Bison meat is another name for buffalo meat. While bison is technically correct, the two names are used interchangeably to denote a large, four-legged, horned animal, usually brown in color, and similar to an ox or a cow. These animals have shaggy hair that forms a mane on their neck and a hump on their shoulders. Like a cow, they eat grass, leaves, and shrubs. Then they regurgitate what they have swallowed — called a cud — and chew it, which classifies them as a ruminant.
Meat from the buffalo is very lean and has become popular in supermarkets. It contains far fewer calories and cholesterol than either beef or chicken. Bison contains 2.42 grams fat, 143 calories, and 82 mg of cholesterol per 100 grams of cooked meat. By comparison, beef has 9.28 g fat, 211 calories, and 86 g cholesterol. Skinless chicken contains 7.41 g fat, 190 calories, and 89 mg of cholesterol.
French explorers arriving in America in the 17th century discovered huge herds of the animals that covered the plains as far as the eye could see. The French dubbed them "les bouefs" meaning oxen. The pronunciation grew distorted when the English arrived and eventually corrupted into buffalo.
Bison are quite large and very strong. Adult males, known as bulls, can reach 2,000 pounds (900 kg), and females, known as cows, up to 1,100 pounds (500 kg). Despite their size, they can run at speeds of 30 miles an hour (50 kilometers per hour). The calves usually weigh 25 to 30 pounds (11 to 13 kilograms) at birth and are up and ready to run with their mothers within an hour or so. Within six months, females will reach 350 lbs (160 kg), and males, 425 lbs (190 kg). They are usually weaned at six months of age.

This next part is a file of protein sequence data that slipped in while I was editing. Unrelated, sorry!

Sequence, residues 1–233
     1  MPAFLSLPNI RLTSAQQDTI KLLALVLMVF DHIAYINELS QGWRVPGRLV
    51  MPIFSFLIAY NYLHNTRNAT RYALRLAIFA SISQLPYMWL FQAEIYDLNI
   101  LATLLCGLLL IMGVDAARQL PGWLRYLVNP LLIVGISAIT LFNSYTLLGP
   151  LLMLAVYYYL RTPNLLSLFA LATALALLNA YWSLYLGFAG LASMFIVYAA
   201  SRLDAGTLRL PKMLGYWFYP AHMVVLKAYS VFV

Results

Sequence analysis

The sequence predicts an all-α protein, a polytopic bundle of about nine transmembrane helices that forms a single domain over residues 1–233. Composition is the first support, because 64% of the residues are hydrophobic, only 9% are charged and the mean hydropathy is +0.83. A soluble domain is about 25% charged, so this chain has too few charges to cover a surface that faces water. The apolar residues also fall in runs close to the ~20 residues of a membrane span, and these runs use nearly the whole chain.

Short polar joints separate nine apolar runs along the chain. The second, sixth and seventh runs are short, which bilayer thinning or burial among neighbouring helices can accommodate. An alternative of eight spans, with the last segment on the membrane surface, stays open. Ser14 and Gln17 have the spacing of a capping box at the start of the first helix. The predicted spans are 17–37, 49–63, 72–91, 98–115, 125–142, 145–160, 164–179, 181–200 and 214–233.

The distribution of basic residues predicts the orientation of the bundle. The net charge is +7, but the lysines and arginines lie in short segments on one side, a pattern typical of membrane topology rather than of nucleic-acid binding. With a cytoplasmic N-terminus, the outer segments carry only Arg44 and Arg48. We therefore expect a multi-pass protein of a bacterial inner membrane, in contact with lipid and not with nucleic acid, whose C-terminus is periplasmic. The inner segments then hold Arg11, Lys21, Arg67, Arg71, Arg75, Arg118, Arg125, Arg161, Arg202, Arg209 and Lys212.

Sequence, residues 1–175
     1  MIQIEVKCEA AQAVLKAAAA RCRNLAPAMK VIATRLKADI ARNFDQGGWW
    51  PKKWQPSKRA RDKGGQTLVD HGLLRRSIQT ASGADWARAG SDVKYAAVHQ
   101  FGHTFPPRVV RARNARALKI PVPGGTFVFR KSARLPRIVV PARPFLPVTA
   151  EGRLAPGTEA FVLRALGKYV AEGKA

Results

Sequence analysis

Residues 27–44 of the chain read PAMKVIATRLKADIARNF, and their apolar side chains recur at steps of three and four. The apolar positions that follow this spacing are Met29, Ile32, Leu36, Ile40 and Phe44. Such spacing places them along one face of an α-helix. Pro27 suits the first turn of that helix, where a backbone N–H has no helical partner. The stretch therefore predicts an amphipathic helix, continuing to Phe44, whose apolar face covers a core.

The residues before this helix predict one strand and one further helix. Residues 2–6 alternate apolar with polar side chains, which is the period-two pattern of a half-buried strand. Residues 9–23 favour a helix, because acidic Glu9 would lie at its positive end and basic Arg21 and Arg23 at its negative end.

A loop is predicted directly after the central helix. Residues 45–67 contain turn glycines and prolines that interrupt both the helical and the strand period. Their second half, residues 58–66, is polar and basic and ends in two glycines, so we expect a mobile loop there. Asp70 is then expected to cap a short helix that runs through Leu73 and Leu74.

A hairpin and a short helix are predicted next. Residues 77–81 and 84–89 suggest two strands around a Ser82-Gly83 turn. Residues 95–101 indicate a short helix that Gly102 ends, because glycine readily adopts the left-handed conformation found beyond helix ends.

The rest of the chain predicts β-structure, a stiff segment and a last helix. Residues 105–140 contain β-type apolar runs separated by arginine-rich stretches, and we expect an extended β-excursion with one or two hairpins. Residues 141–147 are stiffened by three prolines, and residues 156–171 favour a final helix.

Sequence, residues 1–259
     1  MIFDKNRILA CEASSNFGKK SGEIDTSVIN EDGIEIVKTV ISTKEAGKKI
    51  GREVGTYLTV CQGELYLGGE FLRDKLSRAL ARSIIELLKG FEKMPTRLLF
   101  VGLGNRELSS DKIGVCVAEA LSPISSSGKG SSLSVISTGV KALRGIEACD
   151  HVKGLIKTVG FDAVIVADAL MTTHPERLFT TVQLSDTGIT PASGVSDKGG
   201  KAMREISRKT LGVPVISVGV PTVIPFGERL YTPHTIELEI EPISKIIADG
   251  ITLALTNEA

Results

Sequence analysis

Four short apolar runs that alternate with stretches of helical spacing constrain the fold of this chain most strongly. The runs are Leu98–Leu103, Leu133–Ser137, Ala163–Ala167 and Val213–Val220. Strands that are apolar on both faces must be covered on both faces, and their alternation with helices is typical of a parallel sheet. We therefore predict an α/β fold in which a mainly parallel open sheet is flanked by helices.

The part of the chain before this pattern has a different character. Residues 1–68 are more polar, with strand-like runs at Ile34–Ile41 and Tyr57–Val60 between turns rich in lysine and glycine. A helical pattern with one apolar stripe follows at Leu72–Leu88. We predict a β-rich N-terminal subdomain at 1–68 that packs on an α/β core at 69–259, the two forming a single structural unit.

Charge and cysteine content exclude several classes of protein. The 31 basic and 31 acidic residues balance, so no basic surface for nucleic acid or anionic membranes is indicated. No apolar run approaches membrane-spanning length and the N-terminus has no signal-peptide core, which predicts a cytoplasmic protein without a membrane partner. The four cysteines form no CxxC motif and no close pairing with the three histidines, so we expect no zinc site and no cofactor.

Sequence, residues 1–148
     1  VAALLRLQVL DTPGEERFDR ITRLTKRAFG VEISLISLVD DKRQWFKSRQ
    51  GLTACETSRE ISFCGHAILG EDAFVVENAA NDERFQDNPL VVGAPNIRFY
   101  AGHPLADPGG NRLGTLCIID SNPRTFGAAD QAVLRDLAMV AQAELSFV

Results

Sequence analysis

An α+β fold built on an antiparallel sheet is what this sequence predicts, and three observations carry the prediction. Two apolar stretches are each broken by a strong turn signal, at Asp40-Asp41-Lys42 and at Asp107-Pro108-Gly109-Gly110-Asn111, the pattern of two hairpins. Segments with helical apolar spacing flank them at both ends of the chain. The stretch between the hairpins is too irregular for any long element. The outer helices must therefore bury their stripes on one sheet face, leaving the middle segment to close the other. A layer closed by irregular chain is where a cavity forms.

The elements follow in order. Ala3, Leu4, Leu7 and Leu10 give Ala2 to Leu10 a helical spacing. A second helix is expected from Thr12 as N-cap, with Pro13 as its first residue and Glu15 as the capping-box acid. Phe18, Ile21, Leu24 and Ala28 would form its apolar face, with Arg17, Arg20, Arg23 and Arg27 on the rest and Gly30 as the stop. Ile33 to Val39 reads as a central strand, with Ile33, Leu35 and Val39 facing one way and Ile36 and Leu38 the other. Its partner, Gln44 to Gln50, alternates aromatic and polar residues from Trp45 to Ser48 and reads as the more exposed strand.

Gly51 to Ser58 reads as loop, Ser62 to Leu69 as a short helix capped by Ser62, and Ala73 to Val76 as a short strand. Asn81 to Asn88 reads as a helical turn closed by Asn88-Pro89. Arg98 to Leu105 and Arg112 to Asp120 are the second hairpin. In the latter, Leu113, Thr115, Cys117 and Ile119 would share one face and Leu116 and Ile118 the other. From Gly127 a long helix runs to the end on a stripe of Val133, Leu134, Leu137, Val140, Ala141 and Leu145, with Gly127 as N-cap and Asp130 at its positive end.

Females will breed for the first time at around the age of two; gestation requires 9.5 months. Females usually live 20 to 25 years and can have a calf a year. Twins are very rare. Cows usually calve from mid-April through June.
Buffalo have coarse guard hairs and soft, woolly undercoats that enable them to withstand the coldest winters. When they sense danger, they will form a circle with cows and calves at the center, bulls on the outside. While these animals can be trained, they are not domesticated animals and should never be treated as such. It is always best to treat them with caution.
Hunted almost to extinction for their hides in the 1800s, bison have made a comeback. There are almost 400,000 in North America today. Yellowstone Park supports 3,500 bison, making it home to the world's largest free-roaming population.
Because they supplied so much to Native American tribes, including food, shelter, utensils, and clothing, bison have long been an important part of Native American culture. They also appear in many of their creation myths and are an important part of Native mythology. Today, many tribes raise these animals and sell bison meat as a money-making venture.
Native American prophecy says that the birth of a white buffalo will herald a new era of peace and prosperity in the world. One pure white calf was born in Wisconsin in 1994. The first of her kind for generations, she was named "Miracle." She has since turned brown.